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08/10/2021 - 13:06

University students building the foundations of Icelandic society for 110 years

University students building the foundations of Icelandic society for 110 years - Available at University of Iceland

Jón Atli Benediktsson, Rector of the University of Iceland, sent the following message to University staff and students today (8 October 2021):

"Dear students and colleagues,

The University of Iceland aims to ensure the quality of teaching and learning and to pave the way for knowledge creation to flourish on the basis of ambitious research. This means harnessing and developing the strengths of students and staff, not just within the University but also as part of open collaboration with industry and society on a broad basis. 

Universities are generally judged on their performance in terms of impact on the international academic community, quality of teaching, and international partnerships. For an entire decade, the University of Iceland has been included in rankings of the world's top universities, assessed on the basis of these criteria. This week we received news of yet another recognition of the University's strong position in the international scientific community. UI is ranked 201-250 in a list of the world's best universities for engineering and technology, according to the subject rankings from Times Higher Education. This is the fifth subject ranking this autumn that identifies the University of Iceland as an outstanding institution. The strength of our position is further confirmed by the comparable lists from the ShanghaiRanking Consultancy published this summer. These two ranking systems are recognised as the most influential in the world and the University of Iceland is the only Icelandic university to be included by both.

We would not be where we are now without our history. That is why it was so gratifying to see the University Council meet yesterday in the Icelandic Parliament building to celebrate 110 years since teaching started at the University on 2 October 1911, in that very same building. The University was founded on the centenary of the birth of Jón Sigurðsson, leader of the Icelandic independence movement, and was housed in the Parliament building on Austurvöllur for 29 years until operations were relocated to the new Main Building in 1940. In its 110 years, the University of Iceland has graduated over 50,000 students who have built the foundations of Icelandic society, to the benefit of us all. There can be few universities that have had a greater impact on their own communities.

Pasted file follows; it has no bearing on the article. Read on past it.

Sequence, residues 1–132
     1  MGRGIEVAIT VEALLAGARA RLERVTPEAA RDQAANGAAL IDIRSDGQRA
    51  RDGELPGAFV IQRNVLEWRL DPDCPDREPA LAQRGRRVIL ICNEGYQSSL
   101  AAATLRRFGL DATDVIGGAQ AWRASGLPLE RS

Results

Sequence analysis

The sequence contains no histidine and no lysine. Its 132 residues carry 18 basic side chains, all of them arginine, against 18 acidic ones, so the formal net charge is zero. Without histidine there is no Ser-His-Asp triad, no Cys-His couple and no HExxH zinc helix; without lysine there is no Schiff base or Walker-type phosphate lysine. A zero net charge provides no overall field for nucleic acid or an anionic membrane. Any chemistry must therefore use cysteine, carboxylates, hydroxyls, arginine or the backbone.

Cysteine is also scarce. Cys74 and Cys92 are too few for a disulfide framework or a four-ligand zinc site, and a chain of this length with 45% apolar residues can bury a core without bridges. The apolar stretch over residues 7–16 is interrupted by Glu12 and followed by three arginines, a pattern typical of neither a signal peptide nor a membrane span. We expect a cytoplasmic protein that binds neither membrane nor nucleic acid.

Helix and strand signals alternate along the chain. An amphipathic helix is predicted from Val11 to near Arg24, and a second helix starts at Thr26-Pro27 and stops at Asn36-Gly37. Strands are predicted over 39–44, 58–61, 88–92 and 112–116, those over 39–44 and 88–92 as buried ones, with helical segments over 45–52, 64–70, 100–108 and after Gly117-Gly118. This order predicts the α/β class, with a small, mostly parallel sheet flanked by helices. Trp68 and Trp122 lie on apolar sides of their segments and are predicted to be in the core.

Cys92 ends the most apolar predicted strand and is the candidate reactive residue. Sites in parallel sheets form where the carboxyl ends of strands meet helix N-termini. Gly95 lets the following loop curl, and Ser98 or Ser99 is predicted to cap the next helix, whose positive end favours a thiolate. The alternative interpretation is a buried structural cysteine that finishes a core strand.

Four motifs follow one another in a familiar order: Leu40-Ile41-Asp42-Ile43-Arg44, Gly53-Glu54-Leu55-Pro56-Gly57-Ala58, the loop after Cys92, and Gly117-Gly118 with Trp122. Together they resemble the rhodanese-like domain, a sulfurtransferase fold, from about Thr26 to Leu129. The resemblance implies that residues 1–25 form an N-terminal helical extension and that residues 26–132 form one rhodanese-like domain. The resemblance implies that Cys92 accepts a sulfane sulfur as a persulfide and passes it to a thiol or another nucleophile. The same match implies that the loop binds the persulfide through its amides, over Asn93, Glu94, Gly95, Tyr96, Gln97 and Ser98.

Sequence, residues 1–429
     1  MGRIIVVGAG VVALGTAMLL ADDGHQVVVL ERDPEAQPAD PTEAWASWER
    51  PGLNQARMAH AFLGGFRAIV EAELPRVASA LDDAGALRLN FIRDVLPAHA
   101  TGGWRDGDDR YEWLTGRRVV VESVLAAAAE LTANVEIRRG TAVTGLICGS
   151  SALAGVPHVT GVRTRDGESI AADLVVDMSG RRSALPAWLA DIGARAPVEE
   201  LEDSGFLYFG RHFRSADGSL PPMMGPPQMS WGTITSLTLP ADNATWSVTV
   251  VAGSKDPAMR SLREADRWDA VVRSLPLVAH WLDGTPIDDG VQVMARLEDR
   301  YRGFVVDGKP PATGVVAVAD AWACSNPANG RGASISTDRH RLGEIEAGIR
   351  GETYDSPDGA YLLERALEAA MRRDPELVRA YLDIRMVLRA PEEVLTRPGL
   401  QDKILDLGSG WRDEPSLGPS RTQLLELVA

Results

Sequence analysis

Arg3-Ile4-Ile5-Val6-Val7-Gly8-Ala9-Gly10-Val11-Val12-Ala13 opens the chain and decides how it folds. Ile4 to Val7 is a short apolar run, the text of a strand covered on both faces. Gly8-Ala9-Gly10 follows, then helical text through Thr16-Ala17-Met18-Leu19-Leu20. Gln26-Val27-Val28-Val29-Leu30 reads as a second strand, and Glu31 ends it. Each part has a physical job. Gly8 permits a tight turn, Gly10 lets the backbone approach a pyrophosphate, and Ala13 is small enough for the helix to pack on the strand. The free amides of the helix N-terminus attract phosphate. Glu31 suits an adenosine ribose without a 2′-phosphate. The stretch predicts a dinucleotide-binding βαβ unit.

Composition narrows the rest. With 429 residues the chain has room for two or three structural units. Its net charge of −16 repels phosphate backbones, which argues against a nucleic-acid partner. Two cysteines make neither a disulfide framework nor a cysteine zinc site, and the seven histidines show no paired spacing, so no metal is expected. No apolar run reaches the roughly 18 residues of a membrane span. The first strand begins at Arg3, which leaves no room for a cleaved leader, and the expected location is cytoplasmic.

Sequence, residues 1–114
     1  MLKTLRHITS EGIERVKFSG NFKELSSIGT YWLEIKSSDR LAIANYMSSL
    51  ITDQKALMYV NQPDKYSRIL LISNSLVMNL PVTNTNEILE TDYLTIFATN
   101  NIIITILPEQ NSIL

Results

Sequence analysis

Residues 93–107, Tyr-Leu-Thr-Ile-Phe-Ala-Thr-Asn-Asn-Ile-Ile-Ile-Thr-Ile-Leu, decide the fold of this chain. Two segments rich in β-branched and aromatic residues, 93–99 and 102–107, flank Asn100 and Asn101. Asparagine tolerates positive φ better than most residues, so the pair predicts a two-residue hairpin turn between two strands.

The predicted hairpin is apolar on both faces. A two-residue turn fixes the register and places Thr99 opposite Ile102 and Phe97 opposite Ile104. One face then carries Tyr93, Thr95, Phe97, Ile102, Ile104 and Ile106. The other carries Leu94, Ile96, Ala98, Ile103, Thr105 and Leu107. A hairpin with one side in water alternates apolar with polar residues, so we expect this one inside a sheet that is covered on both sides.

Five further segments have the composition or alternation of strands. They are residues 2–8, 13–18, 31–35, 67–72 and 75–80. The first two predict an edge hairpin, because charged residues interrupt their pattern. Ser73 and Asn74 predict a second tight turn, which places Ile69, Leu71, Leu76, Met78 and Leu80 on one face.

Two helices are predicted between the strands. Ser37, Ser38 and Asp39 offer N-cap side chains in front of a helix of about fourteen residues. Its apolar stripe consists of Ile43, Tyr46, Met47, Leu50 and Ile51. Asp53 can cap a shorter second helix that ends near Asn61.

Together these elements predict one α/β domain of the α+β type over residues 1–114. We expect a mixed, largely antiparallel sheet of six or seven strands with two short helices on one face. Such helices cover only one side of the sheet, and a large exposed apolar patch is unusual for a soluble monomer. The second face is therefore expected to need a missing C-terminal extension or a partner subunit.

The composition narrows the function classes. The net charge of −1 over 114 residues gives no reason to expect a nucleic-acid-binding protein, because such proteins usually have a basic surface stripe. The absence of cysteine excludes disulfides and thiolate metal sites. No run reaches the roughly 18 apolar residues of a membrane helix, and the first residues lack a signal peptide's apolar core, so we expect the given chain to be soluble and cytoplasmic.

To enable the University to cultivate its role as a good place to work, we are prioritising development of the campus as a positive environment, prioritising equal access, cohesion, and a sustainable community. We will soon be presenting a new vision for the entire campus, which will be under continual development to meet the needs of everyone who visits the University on a daily basis. Those of us who have been on campus recently have seen, for example, new buildings erected on the corner of Hringbraut and Sæmundargata. These buildings fit in well with the style of the existing architecture and will provide student accommodation with easy access to services and the University within walking distance. We would like to congratulate students and Icelandic Student Services on the wonderful new student housing. 

It can hardly be stated too often that one of the roles of the new Strategy for the University of Iceland is to respond to significant challenges related to the climate and societal changes, not least in the Arctic region. Next week, UI will be taking part in the annual Arctic Circle Assembly, which is one of the most important platforms for international cooperation on the future of the Arctic region and our entire planet. Universities have a vital role to play in identifying solutions to the challenges of our time. They are sources of knowledge that provide an understanding of the complex issues that are most significant for humanity, the environment and the biosphere. UI's contribution to Arctic Circle is therefore highly relevant and based on a diverse range of ambitious research, including interdisciplinary research in the fields of environmental science, natural resources and climate science.

Dear students and colleagues, It has been wonderful to see the campus so busy this week and you have all played your part to make this happen. The same is true of your resilience in preventing the spread of the coronavirus. Although the situation has improved, we must never lose sight of the importance of infection control.

Let's enjoy the weekend as best we can, as we continue to follow the advice of the public health authorities. We must not risk losing all the progress we have made. 

Jón Atli Benediktsson, Rector"